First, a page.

Keywords: banking; financial stability; stress-tests; credit risk; interest rate risk
    JEL: C33 E44 G21
    Date: 2006–11
  5. By: Kjell Bjørn Nordal (Norges Bank (Central Bank of Norway))
    Abstract: I evaluate a bank's incentives to implement a risk sensitive regulatory capital rule and to invest in improved risk measurement. The decision making is analyzed within a real options framework where optimal policies are derived in terms of threshold levels of risk. I also evaluate the situation where exercise or non-exercise of the options to implement or invest are signals about the underlying quality of the loan portfolio. The framework is used for a numerical evaluation of banks' decision of whether to use internal rating based models for credit risk (the IRB-approach) under the new Basel accord (Basel II), where the dynamic behavior of risk is described by an Ohrnstein-Uhlenbeck process. I discuss empirical implications of the evaluation framework.
    Keywords: Risk measurement, capital structure, real options, Basel II
    JEL: G13 G21 G28 G32
    Date: 2006–12–11
  6. By: Jokipii, Terhi (Bank of Finland Research)
    Abstract: This paper studies the extent to which market crashes are predictable for a set of six countries, focusing in particular on possible differences between transition economies (The Czech Republic, Hungary and Poland) and mature markets (UK, US and EU). We estimate a set of individual country and pooled specifications to find that market crashes, in the broader sense, are predictable for all countries analysed. We additionally investigate the role that investor heterogeneity, proxied by trading volume, plays in this predictability and find some varying results between countries. For the Central and Eastern European Countries (CE3), an increase in trading volume relative to trend appears to have great predictive power, a result that is supportive of the theory of investor heterogeneity outlined in the relevant background studies. For the more mature markets (G5), on the other hand, market crashes appear more likely to follow a period of increased stock prices and returns, a result fitting a number of traditional theories, in particular the stochastic bubble model. Further analysis, allowing for time-varying coefficients, confirms the volume-crash relationship for the CE3 and provides preliminary evidence that macro news releases may additionally contribute to the predictability of market crashes.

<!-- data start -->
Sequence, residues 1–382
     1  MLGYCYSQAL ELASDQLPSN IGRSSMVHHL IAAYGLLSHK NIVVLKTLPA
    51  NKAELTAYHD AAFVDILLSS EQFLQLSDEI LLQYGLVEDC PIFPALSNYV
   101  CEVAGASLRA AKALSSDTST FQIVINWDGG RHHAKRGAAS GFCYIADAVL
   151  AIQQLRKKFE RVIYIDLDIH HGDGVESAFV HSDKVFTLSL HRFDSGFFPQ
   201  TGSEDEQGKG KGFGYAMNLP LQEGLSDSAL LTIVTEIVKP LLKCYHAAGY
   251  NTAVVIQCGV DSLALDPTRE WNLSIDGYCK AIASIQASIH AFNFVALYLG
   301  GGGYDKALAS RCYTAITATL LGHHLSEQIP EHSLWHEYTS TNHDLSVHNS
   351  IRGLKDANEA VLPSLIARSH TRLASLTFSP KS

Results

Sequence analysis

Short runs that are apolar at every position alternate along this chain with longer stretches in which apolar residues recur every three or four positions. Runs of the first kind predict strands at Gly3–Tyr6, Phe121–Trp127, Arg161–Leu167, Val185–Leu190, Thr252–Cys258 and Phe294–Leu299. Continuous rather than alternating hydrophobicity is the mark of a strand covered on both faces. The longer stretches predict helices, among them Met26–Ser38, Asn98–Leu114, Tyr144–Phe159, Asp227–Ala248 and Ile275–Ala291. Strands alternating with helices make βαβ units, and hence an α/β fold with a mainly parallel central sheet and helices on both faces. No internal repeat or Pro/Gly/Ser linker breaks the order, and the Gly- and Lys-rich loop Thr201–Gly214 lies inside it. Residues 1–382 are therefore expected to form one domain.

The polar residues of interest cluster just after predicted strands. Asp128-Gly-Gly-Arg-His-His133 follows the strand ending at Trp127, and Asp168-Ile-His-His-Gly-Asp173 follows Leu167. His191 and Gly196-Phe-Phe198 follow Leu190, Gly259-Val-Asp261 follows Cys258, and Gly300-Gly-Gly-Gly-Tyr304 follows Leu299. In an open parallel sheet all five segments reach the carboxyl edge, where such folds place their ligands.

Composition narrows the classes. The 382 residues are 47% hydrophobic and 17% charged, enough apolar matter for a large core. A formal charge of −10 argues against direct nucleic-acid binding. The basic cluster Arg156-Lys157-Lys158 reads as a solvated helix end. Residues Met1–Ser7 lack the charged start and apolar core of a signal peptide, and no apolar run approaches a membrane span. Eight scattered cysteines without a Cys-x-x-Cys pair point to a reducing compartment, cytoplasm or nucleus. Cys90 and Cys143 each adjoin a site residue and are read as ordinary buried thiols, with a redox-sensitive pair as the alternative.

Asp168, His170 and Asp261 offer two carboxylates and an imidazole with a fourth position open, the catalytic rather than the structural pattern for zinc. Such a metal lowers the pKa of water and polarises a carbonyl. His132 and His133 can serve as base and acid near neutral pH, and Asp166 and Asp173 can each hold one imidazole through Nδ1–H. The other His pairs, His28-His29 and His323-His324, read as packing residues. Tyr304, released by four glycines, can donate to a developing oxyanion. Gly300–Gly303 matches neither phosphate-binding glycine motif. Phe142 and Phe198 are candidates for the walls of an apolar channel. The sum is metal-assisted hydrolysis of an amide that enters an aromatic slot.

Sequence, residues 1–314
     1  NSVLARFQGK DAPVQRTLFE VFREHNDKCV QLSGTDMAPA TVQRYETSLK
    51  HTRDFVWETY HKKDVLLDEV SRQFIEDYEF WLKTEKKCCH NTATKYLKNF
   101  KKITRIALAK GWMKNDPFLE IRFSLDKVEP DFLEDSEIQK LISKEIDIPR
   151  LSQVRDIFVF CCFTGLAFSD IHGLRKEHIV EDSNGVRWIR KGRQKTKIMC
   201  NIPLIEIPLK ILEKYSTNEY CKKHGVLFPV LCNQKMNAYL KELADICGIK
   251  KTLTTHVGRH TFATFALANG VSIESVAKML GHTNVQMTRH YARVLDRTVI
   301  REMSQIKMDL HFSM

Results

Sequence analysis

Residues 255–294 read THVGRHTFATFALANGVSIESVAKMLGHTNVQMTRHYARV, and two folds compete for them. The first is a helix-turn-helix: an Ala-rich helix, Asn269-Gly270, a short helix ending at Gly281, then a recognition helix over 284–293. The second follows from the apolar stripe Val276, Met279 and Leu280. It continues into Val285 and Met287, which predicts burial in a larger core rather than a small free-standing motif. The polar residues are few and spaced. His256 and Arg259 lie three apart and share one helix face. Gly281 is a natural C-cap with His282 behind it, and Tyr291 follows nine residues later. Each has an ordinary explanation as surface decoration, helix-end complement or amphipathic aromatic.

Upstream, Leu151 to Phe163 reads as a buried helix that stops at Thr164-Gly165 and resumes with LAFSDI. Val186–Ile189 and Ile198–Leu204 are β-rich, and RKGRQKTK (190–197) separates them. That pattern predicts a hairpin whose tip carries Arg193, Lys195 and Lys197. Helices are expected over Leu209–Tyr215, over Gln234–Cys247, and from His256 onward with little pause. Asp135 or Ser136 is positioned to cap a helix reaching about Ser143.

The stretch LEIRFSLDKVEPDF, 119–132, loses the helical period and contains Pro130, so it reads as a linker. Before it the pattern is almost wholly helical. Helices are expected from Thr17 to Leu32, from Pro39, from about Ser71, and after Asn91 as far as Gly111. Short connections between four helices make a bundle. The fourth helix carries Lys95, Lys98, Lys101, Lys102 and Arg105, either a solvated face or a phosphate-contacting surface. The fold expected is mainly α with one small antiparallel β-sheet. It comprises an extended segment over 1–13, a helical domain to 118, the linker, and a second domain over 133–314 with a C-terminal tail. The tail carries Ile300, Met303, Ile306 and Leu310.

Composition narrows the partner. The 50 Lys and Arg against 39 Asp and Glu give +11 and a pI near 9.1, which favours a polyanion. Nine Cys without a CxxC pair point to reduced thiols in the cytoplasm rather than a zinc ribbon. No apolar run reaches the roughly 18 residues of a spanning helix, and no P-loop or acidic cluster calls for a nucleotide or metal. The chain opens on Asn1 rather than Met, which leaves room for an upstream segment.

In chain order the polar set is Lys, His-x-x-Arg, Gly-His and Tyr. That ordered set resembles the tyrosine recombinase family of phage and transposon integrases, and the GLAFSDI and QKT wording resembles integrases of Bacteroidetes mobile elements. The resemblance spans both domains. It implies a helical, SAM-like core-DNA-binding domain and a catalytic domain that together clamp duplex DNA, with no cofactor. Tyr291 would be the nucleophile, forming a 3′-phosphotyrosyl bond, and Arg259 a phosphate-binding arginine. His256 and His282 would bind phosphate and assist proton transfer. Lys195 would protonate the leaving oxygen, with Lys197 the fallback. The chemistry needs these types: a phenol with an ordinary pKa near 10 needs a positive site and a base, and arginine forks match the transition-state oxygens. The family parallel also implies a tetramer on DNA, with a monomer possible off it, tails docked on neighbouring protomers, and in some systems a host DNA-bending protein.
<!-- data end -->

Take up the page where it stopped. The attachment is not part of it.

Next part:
Keywords: aggregate market returns; skewness; trading volume; market crash
    JEL: C14 G12 G15
    Date: 2006–12–14
  7. By: George Tauchen; Hao Zhou
    Abstract: This paper extends the jump detection method based on bi-power variation to identify realized jumps on financial markets and to estimate parametrically the jump intensity, mean, and variance. Finite sample evidence suggests that jump parameters can be accurately estimated and that the statistical inferences can be reliable, assuming that jumps are rare and large. Applications to equity market, treasury bond, and exchange rate reveal important differences in jump frequencies and volatilities across asset classes over time. For investment grade bond spread indices, the estimated jump volatility has more forecasting power than interest rate factors and volatility factors including option-implied volatility, with control for systematic risk factors. A market jump risk factor seems to capture the low frequency movements in credit spreads.
    Date: 2006
  8. By: Torben G. Andersen; Tim Bollerslev; Francis X. Diebold; Clara Vega
    Abstract: Using a unique high-frequency futures dataset, we characterize the response of U.S., German and British stock, bond and foreign exchange markets to real-time U.S. macroeconomic news. We find that news produces conditional mean jumps; hence high-frequency stock, bond and exchange rate dynamics are linked to fundamentals. Equity markets, moreover, react differently to news depending on the stage of the business cycle, which explains the low correlation between stock and bond returns when averaged over the cycle. Hence our results qualify earlier work suggesting that bond markets react most strongly to macroeconomic news; in particular, when conditioning on the state of the economy, the equity and foreign exchange markets appear equally responsive. Finally, we also document important contemporaneous links across all markets and countries, even after controlling for the effects of macroeconomic news.
    Date: 2006